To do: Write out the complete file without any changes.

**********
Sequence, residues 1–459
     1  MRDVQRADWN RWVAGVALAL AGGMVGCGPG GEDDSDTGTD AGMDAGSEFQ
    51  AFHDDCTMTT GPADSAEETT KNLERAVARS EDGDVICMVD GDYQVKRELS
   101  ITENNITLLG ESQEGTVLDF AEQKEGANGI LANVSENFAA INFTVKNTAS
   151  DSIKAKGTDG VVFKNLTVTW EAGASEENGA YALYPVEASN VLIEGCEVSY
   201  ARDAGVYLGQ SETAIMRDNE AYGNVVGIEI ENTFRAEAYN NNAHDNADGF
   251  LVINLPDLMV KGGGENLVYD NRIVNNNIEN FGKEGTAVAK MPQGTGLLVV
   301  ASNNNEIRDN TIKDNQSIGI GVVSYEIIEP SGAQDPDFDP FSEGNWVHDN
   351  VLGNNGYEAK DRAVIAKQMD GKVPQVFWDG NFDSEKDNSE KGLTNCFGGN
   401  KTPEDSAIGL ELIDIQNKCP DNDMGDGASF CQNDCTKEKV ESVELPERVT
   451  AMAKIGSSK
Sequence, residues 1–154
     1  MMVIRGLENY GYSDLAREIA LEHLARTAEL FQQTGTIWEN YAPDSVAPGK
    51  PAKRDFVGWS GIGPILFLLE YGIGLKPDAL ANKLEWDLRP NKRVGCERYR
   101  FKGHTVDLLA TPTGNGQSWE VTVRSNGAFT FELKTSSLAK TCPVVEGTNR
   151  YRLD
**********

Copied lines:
Sequence, residues 1–459
     1  MRDVQRADWN RWVAGVALAL AGGMVGCGPG GEDDSDTGTD AGMDAGSEFQ
    51  AFHDDCTMTT GPADSAEETT KNLERAVARS EDGDVICMVD GDYQVKRELS
   101  ITENNITLLG ESQEGTVLDF AEQKEGANGI LANVSENFAA INFTVKNTAS
   151  DSIKAKGTDG VVFKNLTVTW EAGASEENGA YALYPVEASN VLIEGCEVSY
   201  ARDAGVYLGQ SETAIMRDNE AYGNVVGIEI ENTFRAEAYN NNAHDNADGF
   251  LVINLPDLMV KGGGENLVYD NRIVNNNIEN FGKEGTAVAK MPQGTGLLVV
   301  ASNNNEIRDN TIKDNQSIGI GVVSYEIIEP SGAQDPDFDP FSEGNWVHDN
   351  VLGNNGYEAK DRAVIAKQMD GKVPQVFWDG NFDSEKDNSE KGLTNCFGGN
   401  KTPEDSAIGL ELIDIQNKCP DNDMGDGASF CQNDCTKEKV ESVELPERVT
   451  AMAKIGSSK
Sequence, residues 1–154
     1  MMVIRGLENY GYSDLAREIA LEHLARTAEL FQQTGTIWEN YAPDSVAPGK
    51  PAKRDFVGWS GIGPILFLLE YGIGLKPDAL ANKLEWDLRP NKRVGCERYR
   101  FKGHTVDLLA TPTGNGQSWE VTVRSNGAFT FELKTSSLAK TCPVVEGTNR
   151  YRLD